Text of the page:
School board candidates offered a variety of opinions to Puslinch residents at an all candidates’ meeting on Oct. 8 in the Puslinch Community Centre.
Wellington Catholic District School Board
Speaking to the crowd, Redmond explained that he worked for more than 12 years at the Wellington Catholic District School Board which gave him a great opportunity to travel to every corner of Wellington County to meet and work with staff.
That, he said, gives him a deep understanding of the organizational processes and the social and psychological factors that influence them.
He was also actively involved with the Ontario Catholic Business Officials Association.
He also spoke of his broader experience in the wider public sector through Wellington County’s public sector consortium.
“Our community is stronger when we work together.”
Redmond said the most important change for him occurred through becoming involved as a parent when his two sons entered the Catholic education system.
“When you are involved as a parent volunteer you really get a grassroots understanding of what education is all about.
“I am passionate about community building, service to the community, stewardship, civic responsibility and consensus building.”
He wants to ensure a student-centred Catholic education system supported by parents, school and parish.
Chornoboy wants to represent Guelph-Eramosa, Puslinch and Erin.
A life-long resident of Guelph-Eramosa, she works at the agricultural adaptation office in Guelph, and is a graduate of both the University of Guelph and the local Catholic education system.
She said she was the only candidate with experience on the Wellington Catholic District School Board, having served as a student trustee while in high school.
During that time, she learned how the board works and the policies it follows, she stated.
Chornoboy believes serving as a trustee would allow her to continue the work she began in high school.
She said she also is the only candidate who lives in the area.
“It is important to have a trustee that cares about the matters which happen in the rural society.”
Though younger than many candidates, Chornoboy considers it an advantage as it will allow her to be a visible role model and mentor to those continuing their religious studies.
“If we want the Catholic education and religion to continue we need the younger generation to be engaged and I feel I can do that.”
Upper Grand District School Board
This trustee position is for the City of Guelph (Ward 6) and Puslinch Township.
“I’m excited to be a candidate and potential school board trustee,” said Cassel.
His primary reason for running is a vested interest – his son – who will begin school next year.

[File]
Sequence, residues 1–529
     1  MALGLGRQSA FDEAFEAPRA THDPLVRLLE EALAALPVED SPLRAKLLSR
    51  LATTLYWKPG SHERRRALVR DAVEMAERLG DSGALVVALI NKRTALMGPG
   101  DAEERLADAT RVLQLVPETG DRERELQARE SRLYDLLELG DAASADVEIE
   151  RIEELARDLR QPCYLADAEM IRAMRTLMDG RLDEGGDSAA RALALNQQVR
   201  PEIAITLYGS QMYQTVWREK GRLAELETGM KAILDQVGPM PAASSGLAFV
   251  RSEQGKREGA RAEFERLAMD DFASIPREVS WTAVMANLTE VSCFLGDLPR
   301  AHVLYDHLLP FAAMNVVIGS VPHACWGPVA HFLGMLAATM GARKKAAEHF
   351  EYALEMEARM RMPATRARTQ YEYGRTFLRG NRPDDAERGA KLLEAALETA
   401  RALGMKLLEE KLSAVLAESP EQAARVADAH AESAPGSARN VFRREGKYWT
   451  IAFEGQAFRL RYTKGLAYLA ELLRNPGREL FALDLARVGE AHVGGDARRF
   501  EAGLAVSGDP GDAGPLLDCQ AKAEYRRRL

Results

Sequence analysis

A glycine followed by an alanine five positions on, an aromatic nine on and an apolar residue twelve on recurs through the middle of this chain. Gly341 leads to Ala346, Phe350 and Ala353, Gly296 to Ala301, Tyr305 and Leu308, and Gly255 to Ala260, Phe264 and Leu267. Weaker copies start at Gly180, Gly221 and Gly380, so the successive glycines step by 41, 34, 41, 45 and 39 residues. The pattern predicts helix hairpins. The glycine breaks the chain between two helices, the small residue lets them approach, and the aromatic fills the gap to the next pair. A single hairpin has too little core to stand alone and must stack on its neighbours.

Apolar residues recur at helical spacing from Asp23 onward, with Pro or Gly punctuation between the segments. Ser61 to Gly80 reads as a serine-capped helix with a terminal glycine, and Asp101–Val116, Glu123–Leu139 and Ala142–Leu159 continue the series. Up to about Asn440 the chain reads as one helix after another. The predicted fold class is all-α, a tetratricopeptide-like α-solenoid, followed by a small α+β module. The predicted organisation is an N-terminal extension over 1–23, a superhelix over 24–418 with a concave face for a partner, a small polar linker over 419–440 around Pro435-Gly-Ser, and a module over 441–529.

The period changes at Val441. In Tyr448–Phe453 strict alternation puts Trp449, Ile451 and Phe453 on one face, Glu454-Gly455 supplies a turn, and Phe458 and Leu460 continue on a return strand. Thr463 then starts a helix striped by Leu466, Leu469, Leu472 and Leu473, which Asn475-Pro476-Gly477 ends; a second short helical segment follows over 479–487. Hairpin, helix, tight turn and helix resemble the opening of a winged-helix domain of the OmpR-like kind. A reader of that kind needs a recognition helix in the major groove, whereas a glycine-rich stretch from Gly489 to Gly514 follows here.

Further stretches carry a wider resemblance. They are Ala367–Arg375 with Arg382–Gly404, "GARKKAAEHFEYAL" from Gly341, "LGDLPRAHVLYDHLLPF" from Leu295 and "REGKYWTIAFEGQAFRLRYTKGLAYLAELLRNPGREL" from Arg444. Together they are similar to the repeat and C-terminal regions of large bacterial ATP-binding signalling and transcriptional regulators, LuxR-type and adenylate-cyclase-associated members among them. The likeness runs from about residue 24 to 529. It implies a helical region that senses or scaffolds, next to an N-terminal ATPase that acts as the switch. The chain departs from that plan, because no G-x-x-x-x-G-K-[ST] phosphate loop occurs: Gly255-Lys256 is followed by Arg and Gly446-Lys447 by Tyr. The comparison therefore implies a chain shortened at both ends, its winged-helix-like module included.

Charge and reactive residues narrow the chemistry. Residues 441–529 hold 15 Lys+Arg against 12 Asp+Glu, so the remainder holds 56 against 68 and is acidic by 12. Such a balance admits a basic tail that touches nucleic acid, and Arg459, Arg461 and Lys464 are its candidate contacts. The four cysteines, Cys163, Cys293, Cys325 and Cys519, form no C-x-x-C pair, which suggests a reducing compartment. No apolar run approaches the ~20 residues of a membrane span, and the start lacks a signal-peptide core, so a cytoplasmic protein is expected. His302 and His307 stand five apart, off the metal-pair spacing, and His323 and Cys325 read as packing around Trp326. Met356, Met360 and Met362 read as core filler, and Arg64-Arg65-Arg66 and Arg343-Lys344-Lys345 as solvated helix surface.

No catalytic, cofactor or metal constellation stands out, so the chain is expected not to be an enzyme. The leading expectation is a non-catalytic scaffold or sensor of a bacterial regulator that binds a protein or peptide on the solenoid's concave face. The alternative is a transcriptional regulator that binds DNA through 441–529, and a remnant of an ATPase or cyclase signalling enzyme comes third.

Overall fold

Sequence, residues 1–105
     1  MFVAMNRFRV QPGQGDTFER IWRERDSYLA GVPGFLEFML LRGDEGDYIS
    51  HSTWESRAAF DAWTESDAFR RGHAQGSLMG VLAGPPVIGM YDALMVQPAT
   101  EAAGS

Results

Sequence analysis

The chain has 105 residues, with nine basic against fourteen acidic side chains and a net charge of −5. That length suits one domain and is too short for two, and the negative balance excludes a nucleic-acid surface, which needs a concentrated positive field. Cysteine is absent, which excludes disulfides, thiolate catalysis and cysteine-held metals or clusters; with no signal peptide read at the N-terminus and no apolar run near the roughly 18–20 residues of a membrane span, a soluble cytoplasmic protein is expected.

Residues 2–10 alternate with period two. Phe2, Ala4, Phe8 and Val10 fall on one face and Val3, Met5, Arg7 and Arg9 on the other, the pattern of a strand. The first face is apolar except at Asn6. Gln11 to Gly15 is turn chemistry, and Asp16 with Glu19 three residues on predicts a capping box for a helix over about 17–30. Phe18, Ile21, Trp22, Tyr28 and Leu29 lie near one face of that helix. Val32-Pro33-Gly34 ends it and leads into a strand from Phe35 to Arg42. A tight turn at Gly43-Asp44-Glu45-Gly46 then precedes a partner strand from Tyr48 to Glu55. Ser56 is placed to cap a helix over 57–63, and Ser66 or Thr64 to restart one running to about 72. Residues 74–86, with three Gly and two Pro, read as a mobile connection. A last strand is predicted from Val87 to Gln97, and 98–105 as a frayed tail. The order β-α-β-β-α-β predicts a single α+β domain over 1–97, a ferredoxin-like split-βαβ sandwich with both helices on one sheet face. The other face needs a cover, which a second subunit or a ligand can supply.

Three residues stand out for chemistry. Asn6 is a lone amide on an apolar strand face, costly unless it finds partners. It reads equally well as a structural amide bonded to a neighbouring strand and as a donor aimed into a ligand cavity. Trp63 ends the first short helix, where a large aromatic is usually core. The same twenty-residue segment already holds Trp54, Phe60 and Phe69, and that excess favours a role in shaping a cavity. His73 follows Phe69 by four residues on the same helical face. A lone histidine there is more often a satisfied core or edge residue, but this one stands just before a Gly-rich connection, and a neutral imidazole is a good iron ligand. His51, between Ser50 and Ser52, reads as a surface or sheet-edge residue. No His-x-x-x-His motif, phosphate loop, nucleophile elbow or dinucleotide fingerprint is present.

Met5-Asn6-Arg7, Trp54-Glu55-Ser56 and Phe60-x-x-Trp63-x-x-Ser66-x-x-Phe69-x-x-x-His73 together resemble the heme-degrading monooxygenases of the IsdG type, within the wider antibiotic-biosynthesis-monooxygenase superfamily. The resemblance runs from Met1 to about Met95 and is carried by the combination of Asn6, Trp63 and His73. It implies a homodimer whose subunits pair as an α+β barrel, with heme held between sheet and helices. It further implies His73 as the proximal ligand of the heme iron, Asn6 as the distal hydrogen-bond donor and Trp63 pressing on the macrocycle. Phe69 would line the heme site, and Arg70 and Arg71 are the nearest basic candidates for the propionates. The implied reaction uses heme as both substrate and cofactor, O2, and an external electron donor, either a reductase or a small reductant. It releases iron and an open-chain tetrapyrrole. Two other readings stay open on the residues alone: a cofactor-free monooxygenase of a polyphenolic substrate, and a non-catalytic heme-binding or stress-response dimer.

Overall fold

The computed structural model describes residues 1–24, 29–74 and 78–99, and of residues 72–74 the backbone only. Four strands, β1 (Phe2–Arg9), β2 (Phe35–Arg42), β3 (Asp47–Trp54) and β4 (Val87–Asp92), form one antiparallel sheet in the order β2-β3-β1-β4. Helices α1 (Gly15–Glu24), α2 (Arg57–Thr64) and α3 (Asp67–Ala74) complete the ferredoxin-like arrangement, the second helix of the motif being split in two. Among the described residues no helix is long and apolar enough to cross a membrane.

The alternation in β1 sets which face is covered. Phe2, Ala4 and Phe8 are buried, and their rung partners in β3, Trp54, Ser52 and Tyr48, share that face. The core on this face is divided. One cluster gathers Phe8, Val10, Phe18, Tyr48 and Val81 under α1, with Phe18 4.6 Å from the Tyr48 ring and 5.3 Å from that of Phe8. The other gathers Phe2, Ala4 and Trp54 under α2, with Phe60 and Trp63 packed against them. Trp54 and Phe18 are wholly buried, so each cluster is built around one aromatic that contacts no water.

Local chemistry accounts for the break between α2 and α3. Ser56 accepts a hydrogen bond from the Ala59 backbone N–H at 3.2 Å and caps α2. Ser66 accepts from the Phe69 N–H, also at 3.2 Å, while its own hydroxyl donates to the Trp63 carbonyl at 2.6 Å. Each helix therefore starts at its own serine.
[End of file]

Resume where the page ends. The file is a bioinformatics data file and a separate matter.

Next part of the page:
Cassel wants to ensure his son and his peers have a solid foundation and a school system that will support their needs going forward.
Cassel has a degree in public policy and criminal justice and is working on a second degree in public management.
He volunteers with Family and Children Services, is a Big Brother, and is involved with the Guelph probation office.
He also works with the Canadian Mental Health Association working with disadvantaged children in the community.
“It gives me an intimate feel for what the children in the Upper Grand District School Board need.”
Cassel said he offers a strong degree of understanding.
He added his sister, a teacher, “likes to fill my ear with what is going on at the UGDSB. She lets me know the good, the bad and the ugly, and everything she feels can be done to improve the quality of education.”
He said he would be able to add sound economic reasoning to school board decisions.
Fairbairn was impressed with the turnout that night.
“I’ve been involved in the school board one way or another since about 1994.”
He cited numerous positions over the years beginning with school councils and a lot of volunteer work at the board office.
Fairbairn quipped that around 2003 someone suggested that since he was spending so much time at the board office … why not run for trustee.
“I’ve been off and on the board since 2003.”
Currently Fairbairn serves as vice chair of the UGDSB and chairs the budget committee. “It’s the greatest job I’ve ever had – paid or unpaid. It’s a terrific job and you get to make decisions which impact kids and kids who are struggling.”
Fairbairn said he loves to see kids who might otherwise not succeed – “thriving and getting an education.”
“I love it and hope to go on for another four years.”
Rockliffe was absent.